The conservation status of a group of killer whales (Orcinus orca) off the west coast of Scotland is believed to be critical, according to emerging research findings from the Hebridean Whale and Dolphin Trust (HWDT).
The "west coast community," as it is known, is believed to consist of only nine animals. Their conservation status is thought to be critical since no live calves have been sighted since research began almost two decades ago. The group is the only "resident" population found in British waters.
Earthwatch scientists Nienke van Geel and Dr. Jonathan Gordon, of the HWDT, with the help of Earthwatch volunteers, are collecting data on whales, dolphins, porpoises and other marine life in the Hebrides. Their aim is to determine the cetaceans' use of habitats and to identify particular areas of importance, or "hotspots" for conservation.
As part of the research, HWDT and PhD student Andy Foote1 have been studying the small population of killer whales using photo-identification. This allows each animal in the group to be recognized by the unique shape and markings on its dorsal fins. These studies have revealed that there are four males and five females in the group. All the animals associate with each other, although some individuals are more regularly sighted together than others.
Photo-identification techniques have also helped the scientists to understand the wide-ranging nature of these predators; for example, recently, sightings as far afield as Ireland have been reported, including a sighting of all nine individuals off the Cork coast. One of the males was also sighted off the Pembrokeshire coast in 2008 and 2007.
Andy Foote's research into orca populations of the North-east Atlantic has shown that there is no association between the Hebridean orca and the groups found around the rest of Scotland's coast, mainly off the coasts of Orkney and Shetland. Moreover, recent findings have revealed that the populations are also morphologically different. Genetic analysis indicates the two types belong to two different populations - all suggesting separate ancestry.
Dr. Foote explains: "Type 1 specimens (groups found in the northern regions of Scotland, Iceland and Norway) were from closely related lineages, but the type 2 whales (the west coast community) were more closely related to a group of Antarctic killer whales."
Unlike the other orca populations in the North Atlantic, which feed primarily on pelagic fish and seals, HWDT still has little evidence of what the west coast group are feeding on, although it is likely that they are feeding on other marine mammals such as harbor porpoises, seals and possibly minke whales. Differentiation in tooth wear from stranded orca has allowed Dr. Foote to highlight this difference in diet and ecological niche; the west coast community has virtually no tooth wear, while in the other groups adults have worn their teeth down quite substantially.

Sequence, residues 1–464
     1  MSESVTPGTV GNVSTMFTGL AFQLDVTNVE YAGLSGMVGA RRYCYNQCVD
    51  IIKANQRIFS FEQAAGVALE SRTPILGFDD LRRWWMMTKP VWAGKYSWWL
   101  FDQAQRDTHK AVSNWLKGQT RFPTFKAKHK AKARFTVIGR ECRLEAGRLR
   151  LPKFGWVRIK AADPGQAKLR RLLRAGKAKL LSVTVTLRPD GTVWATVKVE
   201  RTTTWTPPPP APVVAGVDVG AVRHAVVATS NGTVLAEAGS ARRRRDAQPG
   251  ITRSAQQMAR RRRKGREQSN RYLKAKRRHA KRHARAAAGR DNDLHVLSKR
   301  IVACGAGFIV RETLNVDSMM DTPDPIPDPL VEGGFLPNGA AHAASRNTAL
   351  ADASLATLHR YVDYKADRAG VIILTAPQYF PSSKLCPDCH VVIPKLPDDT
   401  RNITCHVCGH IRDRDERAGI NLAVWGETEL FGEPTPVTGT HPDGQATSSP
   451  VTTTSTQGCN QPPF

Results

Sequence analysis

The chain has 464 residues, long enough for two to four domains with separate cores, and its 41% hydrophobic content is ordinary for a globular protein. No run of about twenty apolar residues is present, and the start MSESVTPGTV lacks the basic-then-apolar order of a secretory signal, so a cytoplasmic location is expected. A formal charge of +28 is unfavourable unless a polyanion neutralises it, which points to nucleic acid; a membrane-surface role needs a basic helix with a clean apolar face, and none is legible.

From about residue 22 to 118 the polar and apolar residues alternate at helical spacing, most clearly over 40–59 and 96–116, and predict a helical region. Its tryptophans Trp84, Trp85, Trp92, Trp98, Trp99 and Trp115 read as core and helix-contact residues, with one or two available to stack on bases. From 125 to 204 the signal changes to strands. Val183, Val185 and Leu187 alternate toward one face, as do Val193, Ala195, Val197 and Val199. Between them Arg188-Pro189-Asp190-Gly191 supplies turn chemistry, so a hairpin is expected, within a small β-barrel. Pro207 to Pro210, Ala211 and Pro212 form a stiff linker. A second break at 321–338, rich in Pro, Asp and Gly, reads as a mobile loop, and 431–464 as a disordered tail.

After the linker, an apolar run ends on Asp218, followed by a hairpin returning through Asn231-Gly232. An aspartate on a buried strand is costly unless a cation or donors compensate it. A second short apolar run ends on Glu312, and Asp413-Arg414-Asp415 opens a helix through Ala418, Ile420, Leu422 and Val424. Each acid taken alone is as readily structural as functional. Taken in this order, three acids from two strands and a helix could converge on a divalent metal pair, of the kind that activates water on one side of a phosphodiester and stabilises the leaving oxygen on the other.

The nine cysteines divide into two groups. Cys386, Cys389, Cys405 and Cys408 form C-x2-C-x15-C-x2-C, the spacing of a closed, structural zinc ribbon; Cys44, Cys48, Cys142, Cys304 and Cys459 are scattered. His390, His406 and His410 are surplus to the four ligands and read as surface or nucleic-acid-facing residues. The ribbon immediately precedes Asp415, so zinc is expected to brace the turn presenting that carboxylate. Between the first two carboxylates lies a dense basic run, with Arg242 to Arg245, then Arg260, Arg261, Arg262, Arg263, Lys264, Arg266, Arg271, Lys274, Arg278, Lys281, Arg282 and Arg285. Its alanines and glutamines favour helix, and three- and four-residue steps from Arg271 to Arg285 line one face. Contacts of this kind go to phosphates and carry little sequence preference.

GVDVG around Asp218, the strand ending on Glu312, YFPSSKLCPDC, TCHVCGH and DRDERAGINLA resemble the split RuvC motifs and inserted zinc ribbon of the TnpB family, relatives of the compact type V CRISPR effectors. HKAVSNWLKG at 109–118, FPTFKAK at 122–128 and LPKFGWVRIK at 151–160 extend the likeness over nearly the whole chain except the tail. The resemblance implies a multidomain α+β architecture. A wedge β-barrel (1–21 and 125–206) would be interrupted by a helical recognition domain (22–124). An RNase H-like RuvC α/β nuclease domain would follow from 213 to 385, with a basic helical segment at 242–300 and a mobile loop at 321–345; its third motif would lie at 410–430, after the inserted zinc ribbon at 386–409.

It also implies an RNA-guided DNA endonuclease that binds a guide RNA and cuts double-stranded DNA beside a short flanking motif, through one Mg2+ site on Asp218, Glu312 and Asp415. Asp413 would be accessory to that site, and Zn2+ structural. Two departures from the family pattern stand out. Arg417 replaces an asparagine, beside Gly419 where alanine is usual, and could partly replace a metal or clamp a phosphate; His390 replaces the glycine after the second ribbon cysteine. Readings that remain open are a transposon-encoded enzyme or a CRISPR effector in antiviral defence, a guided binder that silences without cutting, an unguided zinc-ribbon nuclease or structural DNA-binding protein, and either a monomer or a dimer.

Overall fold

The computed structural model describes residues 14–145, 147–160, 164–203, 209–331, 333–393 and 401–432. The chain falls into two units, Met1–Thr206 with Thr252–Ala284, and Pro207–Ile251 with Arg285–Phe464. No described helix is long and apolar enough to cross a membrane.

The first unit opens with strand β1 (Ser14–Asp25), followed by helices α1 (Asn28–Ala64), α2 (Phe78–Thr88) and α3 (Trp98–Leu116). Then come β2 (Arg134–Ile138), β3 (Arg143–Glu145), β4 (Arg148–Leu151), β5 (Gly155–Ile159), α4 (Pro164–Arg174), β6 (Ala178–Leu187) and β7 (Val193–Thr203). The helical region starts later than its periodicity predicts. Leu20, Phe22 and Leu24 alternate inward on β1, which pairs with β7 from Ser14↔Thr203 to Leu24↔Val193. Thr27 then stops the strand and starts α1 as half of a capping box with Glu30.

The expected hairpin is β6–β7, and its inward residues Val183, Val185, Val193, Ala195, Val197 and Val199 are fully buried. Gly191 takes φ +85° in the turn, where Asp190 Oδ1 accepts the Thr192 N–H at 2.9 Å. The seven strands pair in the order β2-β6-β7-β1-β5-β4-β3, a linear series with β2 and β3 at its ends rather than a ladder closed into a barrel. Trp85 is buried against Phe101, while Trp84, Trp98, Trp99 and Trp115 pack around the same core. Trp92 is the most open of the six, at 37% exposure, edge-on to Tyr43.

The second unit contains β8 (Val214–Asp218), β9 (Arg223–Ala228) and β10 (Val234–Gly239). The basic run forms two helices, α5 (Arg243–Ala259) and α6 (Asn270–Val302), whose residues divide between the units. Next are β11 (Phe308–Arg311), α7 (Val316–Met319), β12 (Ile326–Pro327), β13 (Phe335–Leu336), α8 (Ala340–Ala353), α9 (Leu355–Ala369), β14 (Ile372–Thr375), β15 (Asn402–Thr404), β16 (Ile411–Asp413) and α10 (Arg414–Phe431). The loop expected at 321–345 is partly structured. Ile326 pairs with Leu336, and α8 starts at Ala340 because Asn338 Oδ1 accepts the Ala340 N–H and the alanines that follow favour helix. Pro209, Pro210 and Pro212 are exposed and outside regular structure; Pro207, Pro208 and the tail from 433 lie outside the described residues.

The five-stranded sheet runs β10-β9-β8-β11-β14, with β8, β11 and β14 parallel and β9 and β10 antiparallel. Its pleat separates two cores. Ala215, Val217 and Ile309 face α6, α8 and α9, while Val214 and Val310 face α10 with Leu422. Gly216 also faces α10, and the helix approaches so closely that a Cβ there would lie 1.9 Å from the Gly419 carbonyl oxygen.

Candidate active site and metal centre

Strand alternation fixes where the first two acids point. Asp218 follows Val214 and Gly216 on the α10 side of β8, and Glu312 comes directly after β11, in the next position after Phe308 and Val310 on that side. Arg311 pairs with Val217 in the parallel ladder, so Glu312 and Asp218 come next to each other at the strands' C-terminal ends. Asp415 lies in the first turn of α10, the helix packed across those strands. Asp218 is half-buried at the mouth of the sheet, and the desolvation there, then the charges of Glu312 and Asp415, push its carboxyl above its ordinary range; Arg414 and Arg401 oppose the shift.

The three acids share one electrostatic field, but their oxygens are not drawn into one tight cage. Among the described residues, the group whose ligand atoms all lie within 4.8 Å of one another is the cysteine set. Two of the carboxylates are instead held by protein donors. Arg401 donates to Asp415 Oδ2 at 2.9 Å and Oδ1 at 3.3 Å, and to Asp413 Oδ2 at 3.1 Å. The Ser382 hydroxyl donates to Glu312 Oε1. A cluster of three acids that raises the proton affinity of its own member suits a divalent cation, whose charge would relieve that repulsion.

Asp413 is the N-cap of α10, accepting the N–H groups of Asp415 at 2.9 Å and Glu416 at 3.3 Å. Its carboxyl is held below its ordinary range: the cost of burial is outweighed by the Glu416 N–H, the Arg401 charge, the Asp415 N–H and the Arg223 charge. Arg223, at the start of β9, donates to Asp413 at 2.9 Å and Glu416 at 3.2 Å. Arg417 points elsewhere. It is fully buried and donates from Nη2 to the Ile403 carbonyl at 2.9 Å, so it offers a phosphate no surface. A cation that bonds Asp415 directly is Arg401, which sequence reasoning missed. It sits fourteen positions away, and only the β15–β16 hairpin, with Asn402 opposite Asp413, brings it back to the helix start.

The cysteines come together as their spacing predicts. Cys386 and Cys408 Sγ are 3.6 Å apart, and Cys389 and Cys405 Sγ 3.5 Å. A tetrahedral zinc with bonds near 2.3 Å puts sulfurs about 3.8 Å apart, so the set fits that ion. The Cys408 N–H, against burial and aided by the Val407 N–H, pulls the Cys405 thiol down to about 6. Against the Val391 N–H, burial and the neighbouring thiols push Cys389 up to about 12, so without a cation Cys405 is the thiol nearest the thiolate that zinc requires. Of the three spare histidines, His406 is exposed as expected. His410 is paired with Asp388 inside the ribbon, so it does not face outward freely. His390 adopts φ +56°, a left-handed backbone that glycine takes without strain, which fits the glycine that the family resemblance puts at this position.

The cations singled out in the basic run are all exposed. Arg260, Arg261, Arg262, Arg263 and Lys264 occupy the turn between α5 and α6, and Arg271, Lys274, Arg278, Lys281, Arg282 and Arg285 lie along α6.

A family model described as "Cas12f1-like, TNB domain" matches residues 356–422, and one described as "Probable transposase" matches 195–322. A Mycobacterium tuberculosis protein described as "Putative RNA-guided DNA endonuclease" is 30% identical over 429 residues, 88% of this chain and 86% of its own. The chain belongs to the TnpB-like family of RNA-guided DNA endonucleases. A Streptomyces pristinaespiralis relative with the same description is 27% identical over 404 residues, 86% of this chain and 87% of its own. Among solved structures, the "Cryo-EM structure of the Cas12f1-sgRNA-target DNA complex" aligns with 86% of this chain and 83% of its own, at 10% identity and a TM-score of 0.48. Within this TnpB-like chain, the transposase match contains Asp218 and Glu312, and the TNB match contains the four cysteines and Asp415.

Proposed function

Nienke van Geel says: "I find it really alarming that no calves have been seen in this group for such a long time. Especially since evidence indicates separation from other killer whale groups in the North Atlantic, the absence of calves might have major impacts on the continuity of the genetic diversity, and the ecological relations between prey and predators on the west coast of Scotland. It is vital that we maintain this research as we know so little about the role these animals play in our ecosystem, and we need the support of the public to do this."
Each year HWDT welcomes Earthwatch volunteers onboard its research yacht Silurian to collect data from onboard. These surveys, together with reports from the public and other organizations, are shedding light on Scotland's cetaceans.
Find out more about the Earthwatch expedition Whales and Dolphins of the Hebrides. Read more about HWDT.
1 Andy Foote is a PhD student from Aberdeen University. He is part of the North Atlantic Killer ID project (NAKID).
Killer whales off the west coast of Scotland.
Earthwatch scientists and volunteers are collecting data on whales, dolphins, porpoises and other marine life in the Hebrides.